Mu’ta is located to the south of Lake Galilee, 50 kilometers from the city of Jerusalem. At the beginning of the eighth year after the Emigration (629 AD), Prophet Muhammad sent Harith ibn 'Umayr with a letter of invitation to Islam to the provincial governor of Busra, under the Byzantine Empire. As the Prophet’s envoy passed through the lands of the Ghassanid Christian King, Shurahbil ibn ‘Amr, he was killed by the latter. Harith ibn 'Umayr is the only envoy of Prophet Muhammad to have been killed. As a result of this blatant violation of international law stipulating immunity for emissaries and envoys, Prophet Muhammad organized a force of 3000 and appointed Zayd ibn Harith as commander. He then commanded that Ja’far ibn Abi Talib would take command in the event of Zayd’s being killed, 'Abd Allah ibn Rawaha would assume command if Ja’far was killed, and if he too were killed, then the Muslims would elect a commander from among themselves. The Prophet also ordered that when the place where the envoy was killed was reached, the people there would first be invited to Islam and if they accepted, they were not to fight. He also commanded them not to touch children, women, the elderly and those retreating to monasteries, not to inflict damage on the date gardens, not to cut down trees, and not to destroy buildings.
The Muslim army reached Mu’ta via Wadi al-Qura' and Ma'an. Here, they confronted a large army of 100,000 or 200,000 according to accounts, including Byzantine forces under the general command of Theodorus, and Christian Arab tribes led by Shurahbil ibn ‘Amr (Jamadi al-Awwal/September 629). When Zayd ibn Harith was martyred at the battle’s onset, the standard was taken by Ja’far ibn Abi Talib. Losing his right hand, Ja’far held the standard with his left, and when that too was cut off, he held the standard between his arms and his chest, but was however martyred at the stroke of a spear. When 'Abd Allah ibn Rawaha who thereafter assumed command was also martyred, the standard was entrusted to Khalid ibn Walid. According to narration, at the time in which these events were unfolding at Mu’ta, Prophet Muhammad – sitting in the Prophet’s Mosque with his Companions – related to them the developments on the battlefield, recounting the fall of the commanders one after the other. When command was given to Khalid ibn Walid, he said: “Then the flag was taken by a Sword amongst the Swords of God (i.e. Khalid) and God made them (i.e. the Muslims) victorious." Changing the troops on the right flank to the left, and the left flank to the right, bringing forth the rearguard, and sending the vanguard troops to the rear, Khalid gave the impression that reinforcements had arrived. While slowly retreating, he inflicted as much damage on the Byzantine army as he could, occasionally gaining war spoils, and succeeded in bringing the Muslim army safely back to Madina.
The Muslims lost fifteen of their men at Mu’ta. Prophet Muhammad shed tears for these martyrs, but forbade lamenting and wailing; he also directed relatives and those close to the bereaved families to take food and provide assistance with their tasks for three consecutive days. He himself sent food to the house of his paternal cousin Ja’far for three days and later took Ja’far’s children in his care, assuming their upbringing and care.
The Muslim troops at Mu’ta fought with resolve the enemy much greater in strength than them. Six months prior to the battle of Mu’ta – during the time at which Prophet Muhammad visited Makka to make up for the minor pilgrimage that they could not perform earlier – Khalid ibn Walid had embraced Islam, had participated in battle alongside the Muslims for the first time and, praised by the Prophet for the great valor he displayed in battle, was given the title “Sword of God”. As he himself narrates: “On the day (of the battle of) Mu'ta, nine swords were broken in my hand, and nothing was left in my hand except a Yemenite sword of mine.” Also participating in the battle, ‘Abd Allah ibn ‘Umar and his friends stated that they counted more than fifty sword, arrow and spear wounds on Ja’far ibn Abi Talib’s chest. The Prophet announced that Ja’far would be two-winged in Paradise in return for the two hands he had lost; hence thereafter, he was called “Ja’far al-Tayyar” (the Great Flier).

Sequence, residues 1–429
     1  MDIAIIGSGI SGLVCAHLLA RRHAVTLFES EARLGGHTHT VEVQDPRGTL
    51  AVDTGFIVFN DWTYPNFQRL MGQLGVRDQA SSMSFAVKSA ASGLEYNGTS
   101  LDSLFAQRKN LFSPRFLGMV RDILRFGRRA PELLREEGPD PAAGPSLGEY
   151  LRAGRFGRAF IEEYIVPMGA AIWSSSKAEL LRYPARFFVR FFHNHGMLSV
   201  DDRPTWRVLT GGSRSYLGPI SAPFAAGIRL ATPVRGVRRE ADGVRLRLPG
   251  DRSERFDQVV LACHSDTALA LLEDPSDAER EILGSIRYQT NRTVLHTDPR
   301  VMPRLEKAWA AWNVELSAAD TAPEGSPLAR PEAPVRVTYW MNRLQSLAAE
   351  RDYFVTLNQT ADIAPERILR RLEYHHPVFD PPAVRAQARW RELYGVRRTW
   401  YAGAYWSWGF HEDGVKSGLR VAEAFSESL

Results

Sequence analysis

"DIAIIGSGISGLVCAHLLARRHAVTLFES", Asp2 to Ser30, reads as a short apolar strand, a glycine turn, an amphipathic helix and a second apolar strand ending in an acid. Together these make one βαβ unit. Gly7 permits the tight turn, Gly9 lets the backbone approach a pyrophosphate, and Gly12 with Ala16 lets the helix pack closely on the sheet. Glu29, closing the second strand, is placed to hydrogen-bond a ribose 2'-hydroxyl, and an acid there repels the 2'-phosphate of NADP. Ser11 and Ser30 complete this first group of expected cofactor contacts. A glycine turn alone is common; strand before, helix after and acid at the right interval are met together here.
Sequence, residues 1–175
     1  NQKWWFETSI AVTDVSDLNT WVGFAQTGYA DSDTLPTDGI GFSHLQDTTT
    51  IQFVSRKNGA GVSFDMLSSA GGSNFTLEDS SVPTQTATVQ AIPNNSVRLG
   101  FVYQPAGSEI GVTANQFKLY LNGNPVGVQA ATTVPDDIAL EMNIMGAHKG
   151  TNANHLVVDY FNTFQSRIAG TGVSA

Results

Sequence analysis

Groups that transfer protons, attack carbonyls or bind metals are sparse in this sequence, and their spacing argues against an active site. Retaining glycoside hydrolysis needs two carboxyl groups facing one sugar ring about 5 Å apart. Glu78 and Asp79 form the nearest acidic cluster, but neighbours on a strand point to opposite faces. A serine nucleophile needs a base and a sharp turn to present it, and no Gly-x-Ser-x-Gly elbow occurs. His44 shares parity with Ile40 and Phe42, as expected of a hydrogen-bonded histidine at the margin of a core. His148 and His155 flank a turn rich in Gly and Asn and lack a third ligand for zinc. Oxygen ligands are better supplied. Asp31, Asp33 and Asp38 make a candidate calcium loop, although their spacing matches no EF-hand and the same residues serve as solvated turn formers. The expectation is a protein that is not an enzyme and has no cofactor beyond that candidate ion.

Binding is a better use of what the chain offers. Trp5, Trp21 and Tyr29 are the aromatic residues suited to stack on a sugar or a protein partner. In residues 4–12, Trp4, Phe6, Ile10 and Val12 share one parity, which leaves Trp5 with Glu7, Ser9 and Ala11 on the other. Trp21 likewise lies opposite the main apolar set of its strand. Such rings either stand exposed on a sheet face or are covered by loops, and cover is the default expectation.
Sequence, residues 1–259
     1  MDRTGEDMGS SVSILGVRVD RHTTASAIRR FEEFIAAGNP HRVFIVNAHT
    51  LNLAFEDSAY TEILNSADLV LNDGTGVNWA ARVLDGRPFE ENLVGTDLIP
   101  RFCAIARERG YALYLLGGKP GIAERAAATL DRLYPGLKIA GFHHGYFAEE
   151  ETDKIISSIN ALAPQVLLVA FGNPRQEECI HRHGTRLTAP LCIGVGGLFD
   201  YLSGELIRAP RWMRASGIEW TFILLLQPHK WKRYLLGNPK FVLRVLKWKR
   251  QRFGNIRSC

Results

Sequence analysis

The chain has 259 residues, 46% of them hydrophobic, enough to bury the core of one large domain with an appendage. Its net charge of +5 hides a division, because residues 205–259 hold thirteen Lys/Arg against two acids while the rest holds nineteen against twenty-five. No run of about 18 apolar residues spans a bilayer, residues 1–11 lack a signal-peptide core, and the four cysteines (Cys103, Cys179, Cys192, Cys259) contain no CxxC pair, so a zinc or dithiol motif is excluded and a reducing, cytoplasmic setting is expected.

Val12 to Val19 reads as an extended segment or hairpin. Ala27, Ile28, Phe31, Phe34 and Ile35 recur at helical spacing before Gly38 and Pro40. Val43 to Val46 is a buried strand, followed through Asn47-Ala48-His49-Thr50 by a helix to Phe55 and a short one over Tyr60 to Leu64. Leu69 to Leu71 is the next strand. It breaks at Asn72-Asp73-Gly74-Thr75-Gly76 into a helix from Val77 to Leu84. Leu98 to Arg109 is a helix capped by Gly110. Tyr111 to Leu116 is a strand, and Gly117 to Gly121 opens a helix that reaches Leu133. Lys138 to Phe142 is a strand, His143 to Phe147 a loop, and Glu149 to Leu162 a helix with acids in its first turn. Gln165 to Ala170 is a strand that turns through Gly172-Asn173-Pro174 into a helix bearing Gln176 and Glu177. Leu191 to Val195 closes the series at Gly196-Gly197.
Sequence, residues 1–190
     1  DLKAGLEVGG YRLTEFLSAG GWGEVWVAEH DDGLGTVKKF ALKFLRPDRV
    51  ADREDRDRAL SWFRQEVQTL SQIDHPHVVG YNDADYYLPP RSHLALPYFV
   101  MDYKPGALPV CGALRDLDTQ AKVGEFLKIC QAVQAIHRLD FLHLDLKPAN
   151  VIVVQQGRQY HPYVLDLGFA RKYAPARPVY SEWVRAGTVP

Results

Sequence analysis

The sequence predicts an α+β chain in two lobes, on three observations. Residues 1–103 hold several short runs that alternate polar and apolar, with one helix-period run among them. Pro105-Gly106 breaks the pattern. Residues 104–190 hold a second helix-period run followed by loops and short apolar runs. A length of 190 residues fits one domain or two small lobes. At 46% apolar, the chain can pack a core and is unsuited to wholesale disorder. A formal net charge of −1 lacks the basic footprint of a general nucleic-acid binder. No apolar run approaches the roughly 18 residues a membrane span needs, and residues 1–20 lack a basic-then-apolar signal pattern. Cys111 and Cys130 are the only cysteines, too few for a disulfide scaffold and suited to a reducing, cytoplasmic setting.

Despite its status as a military expedition in which Prophet Muhammad did not take part (sariyya), the Battle of Mu’ta has been referred to in certain sources as a ghazwa (the term given to military expeditions in which the Prophet took part) most probably because of its size, importance, and due to its being a pitched battle.
With this battle, the Muslim army confronted one of the greatest empires of the day, the Byzantine Army, for the very first time. The Muslim army’s retreat to Madina without greater losses in the face of an army much more superior in terms of numbers and strength must be regarded as a success. Professor Mustafa Fayda explains the importance of this battle from the perspective of the Muslims as follows: “By means of the Battle of Mu’ta, Khalid and the Muslims gained an opportunity to familiarize themselves much more closely with the Byzantine forces, their style of warfare, their tactics and their weapons. The benefit of this lived experience is to be seen in the battles fought against the Byzantine army, first and foremost the Battle of Yarmuk. Moreover, Arabs in the regions of Syria and Palestine witnessed the Muslims’ belief, bravery, and chivalry, and became acquainted with this new religion and its adherents.” (See, Mustafa Fayda, Allah’ın Kılıcı Halid b. Velid (The Sword of God: Khalid ibn Walid), p. 168.)